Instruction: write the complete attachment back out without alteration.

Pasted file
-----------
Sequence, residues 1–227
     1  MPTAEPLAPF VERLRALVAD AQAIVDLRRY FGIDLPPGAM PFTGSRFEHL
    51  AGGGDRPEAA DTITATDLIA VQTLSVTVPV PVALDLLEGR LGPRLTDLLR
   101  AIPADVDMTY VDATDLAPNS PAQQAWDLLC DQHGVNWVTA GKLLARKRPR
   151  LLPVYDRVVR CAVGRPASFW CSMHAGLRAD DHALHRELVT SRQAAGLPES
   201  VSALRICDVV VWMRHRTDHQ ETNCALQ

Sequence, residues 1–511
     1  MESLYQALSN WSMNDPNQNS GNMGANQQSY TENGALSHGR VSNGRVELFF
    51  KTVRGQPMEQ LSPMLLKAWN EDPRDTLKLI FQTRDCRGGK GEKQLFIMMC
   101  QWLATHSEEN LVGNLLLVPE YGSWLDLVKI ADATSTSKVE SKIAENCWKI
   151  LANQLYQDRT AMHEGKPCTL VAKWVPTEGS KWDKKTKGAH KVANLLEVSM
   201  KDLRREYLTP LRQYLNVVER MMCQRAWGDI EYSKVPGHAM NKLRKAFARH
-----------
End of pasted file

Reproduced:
Sequence, residues 1–227
     1  MPTAEPLAPF VERLRALVAD AQAIVDLRRY FGIDLPPGAM PFTGSRFEHL
    51  AGGGDRPEAA DTITATDLIA VQTLSVTVPV PVALDLLEGR LGPRLTDLLR
   101  AIPADVDMTY VDATDLAPNS PAQQAWDLLC DQHGVNWVTA GKLLARKRPR
   151  LLPVYDRVVR CAVGRPASFW CSMHAGLRAD DHALHRELVT SRQAAGLPES
   201  VSALRICDVV VWMRHRTDHQ ETNCALQ

Sequence, residues 1–511
     1  MESLYQALSN WSMNDPNQNS GNMGANQQSY TENGALSHGR VSNGRVELFF
    51  KTVRGQPMEQ LSPMLLKAWN EDPRDTLKLI FQTRDCRGGK GEKQLFIMMC
   101  QWLATHSEEN LVGNLLLVPE YGSWLDLVKI ADATSTSKVE SKIAENCWKI
   151  LANQLYQDRT AMHEGKPCTL VAKWVPTEGS KWDKKTKGAH KVANLLEVSM
   201  KDLRREYLTP LRQYLNVVER MMCQRAWGDI EYSKVPGHAM NKLRKAFARH